Imagine a Mad Max mix-up of Metropolis, The City of Lost Children, Speed, Runaway Train, Cube and The Wizard of Oz, and you might form an idea of what Snowpiercer is about. On the other hand, it’s not so abstract as all that. David Edelstein (New York Magazine) writes with greater clarity on this movie than I am now able:
O dystopia, you have o’erwhelmed our imaginations, transformed our cinemas into charnel houses, our movies into nihilistic dirges. We drink in your ecocatastrophes, your post-apocalyptic death matches, your blood-soaked chasms between haves and have-nots. Now, at last, comes a fun dystopian sci-fi epic — a splattery shambles with a fat dose of social satire and barely a lick of sense. It’s Bong Joon-ho’s Snowpiercer, which must be seen to be disbelieved.
The South Korean director’s first English-language film is based on a good French graphic novel called Le Transperceneige and set on a long, long, long train, which carries the frozen Earth’s only survivors after an attempt to stop global warming has backfired spectacularly. The problem is that the population is cruelly subdivided. The fatted Richie Riches lead lives of luxury in the front half of the train, where they pay homage in speech and song — much as North Koreans were forced to sing “No Motherland Without You” to their Supreme Leader — to the “Eternal Engine” and its inventor, Wilford, whom few have ever seen. But you don’t want to be stuck in the back, where the ragged denizens — many missing limbs — have only protein mush to eat, and where they have to watch helplessly as, seemingly at random, soldiers drag off their children.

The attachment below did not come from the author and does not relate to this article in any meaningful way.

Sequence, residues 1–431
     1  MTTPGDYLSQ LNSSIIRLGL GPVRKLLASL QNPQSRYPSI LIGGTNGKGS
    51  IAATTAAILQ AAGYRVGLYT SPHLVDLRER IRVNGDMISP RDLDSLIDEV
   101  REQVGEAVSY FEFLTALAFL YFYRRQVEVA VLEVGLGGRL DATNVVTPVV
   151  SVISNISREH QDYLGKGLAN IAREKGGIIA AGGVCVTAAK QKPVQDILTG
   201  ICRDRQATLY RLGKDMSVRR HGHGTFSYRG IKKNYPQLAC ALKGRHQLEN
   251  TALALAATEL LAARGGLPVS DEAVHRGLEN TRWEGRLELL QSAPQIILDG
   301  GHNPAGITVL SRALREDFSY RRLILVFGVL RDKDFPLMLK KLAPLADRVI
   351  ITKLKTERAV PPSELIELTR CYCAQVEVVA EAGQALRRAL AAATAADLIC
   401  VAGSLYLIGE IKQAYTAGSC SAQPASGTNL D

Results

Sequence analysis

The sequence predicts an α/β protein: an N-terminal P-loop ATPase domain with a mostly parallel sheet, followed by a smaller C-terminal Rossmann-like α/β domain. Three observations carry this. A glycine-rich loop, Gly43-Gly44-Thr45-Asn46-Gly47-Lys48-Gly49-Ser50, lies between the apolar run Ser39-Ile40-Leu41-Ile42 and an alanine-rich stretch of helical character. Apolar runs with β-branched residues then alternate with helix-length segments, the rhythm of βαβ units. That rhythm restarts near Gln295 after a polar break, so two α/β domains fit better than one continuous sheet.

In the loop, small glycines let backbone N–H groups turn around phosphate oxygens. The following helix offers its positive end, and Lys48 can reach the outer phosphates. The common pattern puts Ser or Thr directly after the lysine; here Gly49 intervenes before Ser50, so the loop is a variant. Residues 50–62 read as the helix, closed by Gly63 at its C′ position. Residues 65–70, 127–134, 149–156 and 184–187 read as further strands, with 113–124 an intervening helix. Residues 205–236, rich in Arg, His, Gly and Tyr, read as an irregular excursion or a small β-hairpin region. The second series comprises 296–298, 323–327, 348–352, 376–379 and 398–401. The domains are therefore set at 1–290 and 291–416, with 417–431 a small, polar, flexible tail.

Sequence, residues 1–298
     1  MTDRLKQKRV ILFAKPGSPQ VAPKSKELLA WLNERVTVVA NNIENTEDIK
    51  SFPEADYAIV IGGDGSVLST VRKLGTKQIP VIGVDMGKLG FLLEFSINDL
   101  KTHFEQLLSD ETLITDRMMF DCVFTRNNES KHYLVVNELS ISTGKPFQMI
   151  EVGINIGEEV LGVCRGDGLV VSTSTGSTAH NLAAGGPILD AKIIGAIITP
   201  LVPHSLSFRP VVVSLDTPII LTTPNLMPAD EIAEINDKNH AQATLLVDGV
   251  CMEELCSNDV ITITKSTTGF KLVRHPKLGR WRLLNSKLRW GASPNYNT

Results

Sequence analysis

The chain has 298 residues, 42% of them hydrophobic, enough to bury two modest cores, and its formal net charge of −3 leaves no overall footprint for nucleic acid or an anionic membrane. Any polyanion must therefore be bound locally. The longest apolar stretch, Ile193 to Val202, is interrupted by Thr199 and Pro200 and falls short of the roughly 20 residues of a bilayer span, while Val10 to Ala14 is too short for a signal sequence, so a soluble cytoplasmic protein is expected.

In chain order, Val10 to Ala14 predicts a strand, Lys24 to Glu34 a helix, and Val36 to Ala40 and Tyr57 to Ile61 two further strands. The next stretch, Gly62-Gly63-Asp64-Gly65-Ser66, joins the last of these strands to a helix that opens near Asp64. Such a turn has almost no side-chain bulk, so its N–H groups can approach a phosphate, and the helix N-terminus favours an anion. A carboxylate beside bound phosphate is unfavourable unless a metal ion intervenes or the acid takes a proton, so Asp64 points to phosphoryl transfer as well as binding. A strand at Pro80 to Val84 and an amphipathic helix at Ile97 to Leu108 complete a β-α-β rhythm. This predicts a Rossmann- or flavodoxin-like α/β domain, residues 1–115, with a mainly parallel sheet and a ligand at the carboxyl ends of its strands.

And so what follows is a rather straightforward film about a revolt of the underclass, which can be executed in only one way: a direct linear push to the front of the train. As the train pierces the snow, the rebels pierce through one bulkhead after another, moving further forward in the train while experiencing one stratum after another of the encapsulated core-sample which represents all of humankind.
Problem was, as Edelstein points out, it too often doesn’t make sense — there are more leaps in logic than I usually like to bear with. A 97% Tomatometer score among top critics shows that Snowpiercer has earned nearly universal praise. I liked it too, but am hardly gaga. It certainly kept me engaged — until the end sequence where it got bogged down — but it could not escape its literal and figurative one-dimensional simplicity enough to overcome my incredulities. Still though, I do applaud the great effort, concept and special-effect visuals wrought by this sci-fi indie. 6/10